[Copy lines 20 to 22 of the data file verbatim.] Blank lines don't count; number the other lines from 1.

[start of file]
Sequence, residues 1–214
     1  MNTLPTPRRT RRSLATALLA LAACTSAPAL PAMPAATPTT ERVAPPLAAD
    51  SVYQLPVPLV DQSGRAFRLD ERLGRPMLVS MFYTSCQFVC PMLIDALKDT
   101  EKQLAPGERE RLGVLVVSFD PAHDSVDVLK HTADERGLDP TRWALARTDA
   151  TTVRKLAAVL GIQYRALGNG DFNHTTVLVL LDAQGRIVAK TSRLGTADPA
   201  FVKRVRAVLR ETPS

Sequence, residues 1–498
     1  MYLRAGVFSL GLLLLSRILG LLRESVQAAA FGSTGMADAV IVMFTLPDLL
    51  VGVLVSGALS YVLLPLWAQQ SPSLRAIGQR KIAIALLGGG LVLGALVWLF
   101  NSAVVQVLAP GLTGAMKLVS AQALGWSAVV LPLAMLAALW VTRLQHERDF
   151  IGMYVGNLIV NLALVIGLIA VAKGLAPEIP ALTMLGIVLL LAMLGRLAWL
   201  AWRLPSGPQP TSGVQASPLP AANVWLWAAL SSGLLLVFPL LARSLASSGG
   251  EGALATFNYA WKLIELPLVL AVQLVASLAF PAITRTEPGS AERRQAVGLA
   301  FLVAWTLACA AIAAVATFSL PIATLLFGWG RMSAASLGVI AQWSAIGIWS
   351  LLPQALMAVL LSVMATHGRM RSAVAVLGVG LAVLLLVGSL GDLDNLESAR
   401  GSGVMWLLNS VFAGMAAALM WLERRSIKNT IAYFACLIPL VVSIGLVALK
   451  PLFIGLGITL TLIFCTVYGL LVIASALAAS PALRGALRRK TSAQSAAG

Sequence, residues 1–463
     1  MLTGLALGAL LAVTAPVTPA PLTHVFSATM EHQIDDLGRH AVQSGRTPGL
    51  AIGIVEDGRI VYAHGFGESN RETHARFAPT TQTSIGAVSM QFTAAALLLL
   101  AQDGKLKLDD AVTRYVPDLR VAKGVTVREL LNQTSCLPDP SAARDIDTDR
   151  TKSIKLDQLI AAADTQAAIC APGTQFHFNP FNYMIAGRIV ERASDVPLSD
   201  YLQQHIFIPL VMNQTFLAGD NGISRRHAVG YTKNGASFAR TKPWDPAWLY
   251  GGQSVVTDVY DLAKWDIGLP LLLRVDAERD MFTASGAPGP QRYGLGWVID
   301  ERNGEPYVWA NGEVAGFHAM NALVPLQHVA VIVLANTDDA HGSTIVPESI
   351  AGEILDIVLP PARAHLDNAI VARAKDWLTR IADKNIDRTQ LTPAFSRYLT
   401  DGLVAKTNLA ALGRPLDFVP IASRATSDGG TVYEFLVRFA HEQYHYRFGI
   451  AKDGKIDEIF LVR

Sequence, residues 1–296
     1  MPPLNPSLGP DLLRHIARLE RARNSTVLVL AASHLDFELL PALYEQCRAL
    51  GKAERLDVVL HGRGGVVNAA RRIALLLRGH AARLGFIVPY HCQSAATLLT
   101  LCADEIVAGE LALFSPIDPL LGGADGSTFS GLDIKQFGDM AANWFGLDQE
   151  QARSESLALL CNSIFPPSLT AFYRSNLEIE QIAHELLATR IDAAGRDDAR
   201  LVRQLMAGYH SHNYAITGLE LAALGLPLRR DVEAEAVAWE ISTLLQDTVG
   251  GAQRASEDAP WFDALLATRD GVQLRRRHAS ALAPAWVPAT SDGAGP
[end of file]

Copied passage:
    51  AIGIVEDGRI VYAHGFGESN RETHARFAPT TQTSIGAVSM QFTAAALLLL
   101  AQDGKLKLDD AVTRYVPDLR VAKGVTVREL LNQTSCLPDP SAARDIDTDR
   151  TKSIKLDQLI AAADTQAAIC APGTQFHFNP FNYMIAGRIV ERASDVPLSD